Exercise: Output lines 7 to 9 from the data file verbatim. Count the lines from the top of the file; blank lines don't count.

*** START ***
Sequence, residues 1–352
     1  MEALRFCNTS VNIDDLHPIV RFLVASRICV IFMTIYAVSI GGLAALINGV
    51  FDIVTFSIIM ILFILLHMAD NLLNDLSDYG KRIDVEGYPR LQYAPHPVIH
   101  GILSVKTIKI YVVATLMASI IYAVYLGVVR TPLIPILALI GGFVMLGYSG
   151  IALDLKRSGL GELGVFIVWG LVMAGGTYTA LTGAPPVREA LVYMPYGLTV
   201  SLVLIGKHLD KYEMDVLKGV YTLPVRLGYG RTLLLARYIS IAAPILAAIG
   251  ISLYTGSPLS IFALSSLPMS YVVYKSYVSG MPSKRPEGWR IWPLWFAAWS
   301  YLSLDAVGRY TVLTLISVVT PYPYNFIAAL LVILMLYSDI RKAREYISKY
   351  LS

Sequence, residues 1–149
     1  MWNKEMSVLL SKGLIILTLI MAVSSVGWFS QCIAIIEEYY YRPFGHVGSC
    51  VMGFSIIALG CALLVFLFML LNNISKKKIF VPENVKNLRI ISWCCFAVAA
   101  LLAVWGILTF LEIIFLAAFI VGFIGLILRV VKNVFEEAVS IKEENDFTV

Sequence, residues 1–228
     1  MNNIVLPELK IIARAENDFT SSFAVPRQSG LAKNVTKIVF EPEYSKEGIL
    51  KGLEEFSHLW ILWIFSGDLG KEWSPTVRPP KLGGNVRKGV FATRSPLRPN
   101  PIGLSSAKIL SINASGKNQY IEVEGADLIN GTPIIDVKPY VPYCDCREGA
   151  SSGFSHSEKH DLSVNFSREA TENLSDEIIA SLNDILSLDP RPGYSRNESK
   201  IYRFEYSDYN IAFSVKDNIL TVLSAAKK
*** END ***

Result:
   251  ISLYTGSPLS IFALSSLPMS YVVYKSYVSG MPSKRPEGWR IWPLWFAAWS
   301  YLSLDAVGRY TVLTLISVVT PYPYNFIAAL LVILMLYSDI RKAREYISKY
   351  LS